Sunday, February 5, 2023

Ya-Ka-Mein in New Orleans

YKM-intro-PHOTO-300x199This week’s Featured oral history project is hot out of the pot: Ya-Ka-Mein in New Orleans.
Ya-ka-mein. Yakimi. Yet-ca-mein. Yak e mein. Yacamein. Ya-ka-meat. Yaka mein. Just to call out a few of the ways you might encounter the protein-and-noodle soup spelled around New Orleans. To date, there is no standard spelling, even for the media, in large part because little has been recorded about the dish and its place at the New Orleans table until quite recently.
This is not to say that ya-ka-mein is a newcomer. On the contrary, as you will discover in these interviews, ya-ka-mein has been a staple in the city’s African American households for generations.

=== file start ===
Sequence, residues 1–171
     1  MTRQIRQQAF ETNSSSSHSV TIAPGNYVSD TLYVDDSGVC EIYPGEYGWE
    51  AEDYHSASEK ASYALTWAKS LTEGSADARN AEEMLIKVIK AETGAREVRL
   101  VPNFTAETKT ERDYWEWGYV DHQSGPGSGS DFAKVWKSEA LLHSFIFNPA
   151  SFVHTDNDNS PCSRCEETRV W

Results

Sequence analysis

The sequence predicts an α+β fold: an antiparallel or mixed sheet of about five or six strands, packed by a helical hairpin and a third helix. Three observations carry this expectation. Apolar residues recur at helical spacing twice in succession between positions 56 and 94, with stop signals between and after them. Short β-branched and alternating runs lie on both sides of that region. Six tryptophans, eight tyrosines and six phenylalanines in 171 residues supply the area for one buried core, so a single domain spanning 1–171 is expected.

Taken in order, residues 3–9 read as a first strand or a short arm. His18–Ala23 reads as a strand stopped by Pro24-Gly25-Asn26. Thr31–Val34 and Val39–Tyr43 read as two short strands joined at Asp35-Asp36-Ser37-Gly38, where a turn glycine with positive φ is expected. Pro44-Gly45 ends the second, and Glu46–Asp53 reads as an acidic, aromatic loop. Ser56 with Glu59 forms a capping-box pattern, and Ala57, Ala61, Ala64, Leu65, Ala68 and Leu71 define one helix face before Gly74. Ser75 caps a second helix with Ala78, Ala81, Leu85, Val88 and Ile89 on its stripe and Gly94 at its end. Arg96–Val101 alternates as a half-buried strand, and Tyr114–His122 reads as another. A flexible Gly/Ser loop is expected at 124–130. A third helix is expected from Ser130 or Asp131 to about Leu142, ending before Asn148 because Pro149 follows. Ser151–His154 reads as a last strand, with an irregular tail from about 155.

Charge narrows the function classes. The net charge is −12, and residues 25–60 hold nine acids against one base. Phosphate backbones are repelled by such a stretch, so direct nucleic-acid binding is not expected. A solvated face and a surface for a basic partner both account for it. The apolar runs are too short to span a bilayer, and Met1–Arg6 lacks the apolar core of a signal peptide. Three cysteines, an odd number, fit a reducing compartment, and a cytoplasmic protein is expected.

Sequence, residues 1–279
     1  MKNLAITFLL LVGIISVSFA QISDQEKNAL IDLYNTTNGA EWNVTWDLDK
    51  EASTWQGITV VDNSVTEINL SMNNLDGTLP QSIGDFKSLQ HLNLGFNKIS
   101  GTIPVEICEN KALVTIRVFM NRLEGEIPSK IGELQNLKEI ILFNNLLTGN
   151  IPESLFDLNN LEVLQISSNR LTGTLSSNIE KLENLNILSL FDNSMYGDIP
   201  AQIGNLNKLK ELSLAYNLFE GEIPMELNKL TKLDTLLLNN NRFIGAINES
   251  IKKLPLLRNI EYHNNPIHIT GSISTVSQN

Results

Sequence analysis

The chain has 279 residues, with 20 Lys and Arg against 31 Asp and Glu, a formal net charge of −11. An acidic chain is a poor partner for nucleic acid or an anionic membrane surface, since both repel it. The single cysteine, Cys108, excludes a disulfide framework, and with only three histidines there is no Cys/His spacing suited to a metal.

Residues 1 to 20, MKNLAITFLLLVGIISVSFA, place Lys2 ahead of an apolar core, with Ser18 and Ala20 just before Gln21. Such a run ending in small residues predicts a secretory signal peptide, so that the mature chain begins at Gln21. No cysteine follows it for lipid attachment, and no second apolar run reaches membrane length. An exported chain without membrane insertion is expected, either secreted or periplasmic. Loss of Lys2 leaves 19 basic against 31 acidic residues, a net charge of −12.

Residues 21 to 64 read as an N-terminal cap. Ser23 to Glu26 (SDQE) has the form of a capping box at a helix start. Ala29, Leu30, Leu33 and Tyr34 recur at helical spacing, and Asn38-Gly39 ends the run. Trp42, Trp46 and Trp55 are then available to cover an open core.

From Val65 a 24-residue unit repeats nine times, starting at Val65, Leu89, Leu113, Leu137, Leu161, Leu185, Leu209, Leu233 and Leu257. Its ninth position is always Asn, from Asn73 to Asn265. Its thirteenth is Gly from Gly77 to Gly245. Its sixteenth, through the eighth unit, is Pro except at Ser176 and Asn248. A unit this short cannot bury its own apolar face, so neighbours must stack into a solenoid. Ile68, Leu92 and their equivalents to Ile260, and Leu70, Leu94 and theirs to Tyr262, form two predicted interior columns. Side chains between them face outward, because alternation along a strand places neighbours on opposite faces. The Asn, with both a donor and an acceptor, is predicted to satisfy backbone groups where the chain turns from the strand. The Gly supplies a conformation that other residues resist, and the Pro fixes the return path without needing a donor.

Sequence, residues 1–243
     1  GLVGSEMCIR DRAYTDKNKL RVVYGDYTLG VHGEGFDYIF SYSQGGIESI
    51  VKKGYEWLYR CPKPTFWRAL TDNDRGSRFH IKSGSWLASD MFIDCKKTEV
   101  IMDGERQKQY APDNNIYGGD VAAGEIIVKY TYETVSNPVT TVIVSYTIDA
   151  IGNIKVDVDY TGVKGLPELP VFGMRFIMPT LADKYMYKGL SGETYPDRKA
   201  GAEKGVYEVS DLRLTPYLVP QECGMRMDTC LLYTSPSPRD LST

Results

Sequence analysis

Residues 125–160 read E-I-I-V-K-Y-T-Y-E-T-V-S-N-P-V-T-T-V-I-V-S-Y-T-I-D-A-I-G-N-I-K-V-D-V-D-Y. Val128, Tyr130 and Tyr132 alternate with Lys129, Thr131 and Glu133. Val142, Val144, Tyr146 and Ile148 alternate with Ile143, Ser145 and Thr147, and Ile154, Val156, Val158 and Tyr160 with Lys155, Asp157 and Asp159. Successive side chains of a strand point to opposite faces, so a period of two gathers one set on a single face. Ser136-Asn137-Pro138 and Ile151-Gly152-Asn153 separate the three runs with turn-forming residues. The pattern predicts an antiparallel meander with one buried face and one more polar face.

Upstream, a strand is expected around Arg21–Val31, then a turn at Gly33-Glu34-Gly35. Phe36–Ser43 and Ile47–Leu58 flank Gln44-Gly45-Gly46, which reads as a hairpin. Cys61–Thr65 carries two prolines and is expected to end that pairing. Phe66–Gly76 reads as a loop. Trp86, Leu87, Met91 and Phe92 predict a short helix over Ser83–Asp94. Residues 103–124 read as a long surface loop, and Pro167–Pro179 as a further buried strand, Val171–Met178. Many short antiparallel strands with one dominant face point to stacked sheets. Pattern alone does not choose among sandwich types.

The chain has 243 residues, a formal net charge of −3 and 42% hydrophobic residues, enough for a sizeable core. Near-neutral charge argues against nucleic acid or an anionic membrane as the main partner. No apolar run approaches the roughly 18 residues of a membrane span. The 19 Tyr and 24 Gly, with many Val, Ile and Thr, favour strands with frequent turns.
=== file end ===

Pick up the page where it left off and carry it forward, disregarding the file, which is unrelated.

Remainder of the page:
Meet Maurice Haynes of Magazine Deli, where ya-ka-mein is the kind of “quick, cheap dish” you whip up on the weekend from ingredients—probably including some leftovers—already on hand. For others, like Lucinda Mitchell of the former Mitchell’s Fruit Stand, making ya-ka-mein at home is a more deliberate endeavor. Chip Flannagan has never made ya-ka-mein at home. A Caucasian, he’s the executive chef at Ralph’s on the Park, a fine dining restaurant where a ya-ka-mein made with pork belly cooked sous-vide hits white tablecloths alongside other haute offerings like duck confit and lamb crèpinettes. Then there is Linda Green, who brought her ya-ka-mein to the New Orleans Jazz & Heritage Festival, where it reaches a broad, multicultural audience.
As far as we can see—and that would be at least as far as Linda Green’s second line route travels—ya-ka-mein is only gaining steam.
–Lindsey Kate Reynolds, Southern Foodways Alliance

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